Chronobiology is the study of those biological phenomena that change periodically with time. Botanicals are a good example of yearly periodicity, with blossoming and fructification on a yearly period. In humans, the best-known phenomena are the daily cycle of wake and sleep and the monthly cycle of female fertility.
Far from being an academic curiosity, circadian (from the Latin circa diem, around the day) rhythms play relevant medical roles. Let us consider one example. The treatment of some cancers requires drugs that have the undesirable side effect to be toxic for the lymphocytes. The number of lymphocytes per unit volume in human blood changes according to a circadian rhythm.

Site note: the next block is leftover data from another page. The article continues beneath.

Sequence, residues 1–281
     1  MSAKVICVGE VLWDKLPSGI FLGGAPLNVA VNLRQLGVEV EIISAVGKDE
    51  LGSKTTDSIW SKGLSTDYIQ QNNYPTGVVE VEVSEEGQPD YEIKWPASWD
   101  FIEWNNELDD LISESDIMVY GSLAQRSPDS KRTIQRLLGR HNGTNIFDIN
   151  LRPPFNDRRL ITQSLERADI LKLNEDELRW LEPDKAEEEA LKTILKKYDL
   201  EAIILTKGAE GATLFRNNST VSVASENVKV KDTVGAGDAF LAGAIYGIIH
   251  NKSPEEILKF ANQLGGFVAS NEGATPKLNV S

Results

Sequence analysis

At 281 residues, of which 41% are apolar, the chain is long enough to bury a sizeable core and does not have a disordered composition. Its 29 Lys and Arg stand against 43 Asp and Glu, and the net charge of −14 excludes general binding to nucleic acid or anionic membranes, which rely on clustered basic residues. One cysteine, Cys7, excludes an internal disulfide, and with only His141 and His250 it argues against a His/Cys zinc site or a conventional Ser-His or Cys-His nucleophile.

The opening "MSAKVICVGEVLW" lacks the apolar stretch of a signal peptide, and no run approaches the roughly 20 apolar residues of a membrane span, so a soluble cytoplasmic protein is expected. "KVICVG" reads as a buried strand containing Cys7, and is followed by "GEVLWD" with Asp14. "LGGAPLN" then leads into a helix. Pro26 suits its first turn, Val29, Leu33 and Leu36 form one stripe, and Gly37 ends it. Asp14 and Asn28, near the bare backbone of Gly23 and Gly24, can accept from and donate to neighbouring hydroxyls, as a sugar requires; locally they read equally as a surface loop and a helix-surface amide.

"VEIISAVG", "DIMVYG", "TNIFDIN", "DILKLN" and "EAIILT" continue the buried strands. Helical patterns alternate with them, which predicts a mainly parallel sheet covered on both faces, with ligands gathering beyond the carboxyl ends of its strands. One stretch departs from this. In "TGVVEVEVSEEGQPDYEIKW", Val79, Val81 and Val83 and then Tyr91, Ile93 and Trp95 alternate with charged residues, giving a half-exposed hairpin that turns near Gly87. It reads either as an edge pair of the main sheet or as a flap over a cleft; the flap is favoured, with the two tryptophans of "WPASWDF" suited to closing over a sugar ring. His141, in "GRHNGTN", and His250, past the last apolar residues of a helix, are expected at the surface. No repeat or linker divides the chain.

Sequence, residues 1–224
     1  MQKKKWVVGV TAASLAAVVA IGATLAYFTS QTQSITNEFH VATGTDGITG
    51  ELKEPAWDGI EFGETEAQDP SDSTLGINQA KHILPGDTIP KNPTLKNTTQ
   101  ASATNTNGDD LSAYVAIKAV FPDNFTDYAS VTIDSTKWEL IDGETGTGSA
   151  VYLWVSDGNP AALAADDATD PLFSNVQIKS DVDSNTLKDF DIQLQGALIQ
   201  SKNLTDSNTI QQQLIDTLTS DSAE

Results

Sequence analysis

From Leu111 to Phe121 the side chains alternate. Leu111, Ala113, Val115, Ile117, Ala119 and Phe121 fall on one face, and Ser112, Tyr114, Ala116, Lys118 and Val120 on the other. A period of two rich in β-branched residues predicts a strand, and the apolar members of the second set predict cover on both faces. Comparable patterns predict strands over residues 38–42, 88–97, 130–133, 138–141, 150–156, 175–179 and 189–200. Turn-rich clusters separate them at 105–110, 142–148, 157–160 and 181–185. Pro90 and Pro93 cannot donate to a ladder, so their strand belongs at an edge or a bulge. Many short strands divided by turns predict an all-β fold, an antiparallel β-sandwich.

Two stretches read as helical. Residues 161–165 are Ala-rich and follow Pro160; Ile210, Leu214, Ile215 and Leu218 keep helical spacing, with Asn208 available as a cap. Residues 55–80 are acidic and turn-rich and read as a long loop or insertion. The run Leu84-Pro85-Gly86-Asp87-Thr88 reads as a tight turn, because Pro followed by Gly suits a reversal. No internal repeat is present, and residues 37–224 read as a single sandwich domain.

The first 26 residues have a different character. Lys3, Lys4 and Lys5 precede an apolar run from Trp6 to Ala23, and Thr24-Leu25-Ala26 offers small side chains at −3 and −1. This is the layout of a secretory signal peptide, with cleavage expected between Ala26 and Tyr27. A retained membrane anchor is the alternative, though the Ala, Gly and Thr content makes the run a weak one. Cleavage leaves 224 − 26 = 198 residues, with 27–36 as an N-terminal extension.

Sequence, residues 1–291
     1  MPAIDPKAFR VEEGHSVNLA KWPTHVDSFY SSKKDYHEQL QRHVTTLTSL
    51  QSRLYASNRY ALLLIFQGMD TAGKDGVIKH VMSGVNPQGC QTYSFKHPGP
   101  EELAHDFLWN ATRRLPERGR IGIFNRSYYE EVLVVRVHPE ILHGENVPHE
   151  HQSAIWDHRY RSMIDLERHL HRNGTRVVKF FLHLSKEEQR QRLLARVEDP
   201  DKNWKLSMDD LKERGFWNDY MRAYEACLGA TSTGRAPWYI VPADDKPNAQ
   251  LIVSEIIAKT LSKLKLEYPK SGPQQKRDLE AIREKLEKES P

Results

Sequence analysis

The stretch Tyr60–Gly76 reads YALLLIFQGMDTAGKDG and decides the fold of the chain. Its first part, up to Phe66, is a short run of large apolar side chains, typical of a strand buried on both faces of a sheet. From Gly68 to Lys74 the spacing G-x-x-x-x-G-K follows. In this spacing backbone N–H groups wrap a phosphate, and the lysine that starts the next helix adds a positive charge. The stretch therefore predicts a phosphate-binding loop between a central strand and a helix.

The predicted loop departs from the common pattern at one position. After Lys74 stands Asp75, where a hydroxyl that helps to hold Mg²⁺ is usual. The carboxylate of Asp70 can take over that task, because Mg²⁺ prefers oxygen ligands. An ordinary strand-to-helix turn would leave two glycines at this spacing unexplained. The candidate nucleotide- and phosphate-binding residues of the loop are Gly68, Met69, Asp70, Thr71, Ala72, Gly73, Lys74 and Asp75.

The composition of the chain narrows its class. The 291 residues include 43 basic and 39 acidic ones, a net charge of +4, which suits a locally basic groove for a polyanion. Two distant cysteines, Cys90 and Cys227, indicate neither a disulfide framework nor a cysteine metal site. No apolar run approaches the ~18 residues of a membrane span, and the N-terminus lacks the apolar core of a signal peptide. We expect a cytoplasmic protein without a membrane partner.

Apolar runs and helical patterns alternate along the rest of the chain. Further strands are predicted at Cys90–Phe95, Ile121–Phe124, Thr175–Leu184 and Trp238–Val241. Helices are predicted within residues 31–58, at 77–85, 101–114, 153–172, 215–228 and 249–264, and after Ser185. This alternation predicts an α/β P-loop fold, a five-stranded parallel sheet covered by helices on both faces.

It is known that a drug, at a certain concentration, “kills” a certain fraction (a fraction, NOT a defined number) of target cells; so, if the drug is administered when the lymphocytes are present in larger number, the number of lymphocytes surviving the treatment will be larger, and the consequences of the drug toxicity will be more tolerable. In a comparative study of treatment of ovary cancers with cis-platinum and doxorubicin, the survival after five years of the patients who received chemotherapy at the time of the day corresponding to the lymphocyte maximum was 75%, whereas no patients survived more than three years when the drugs were administered at random times; i.e., without considering the circadian rhythm of the lymphocytes.1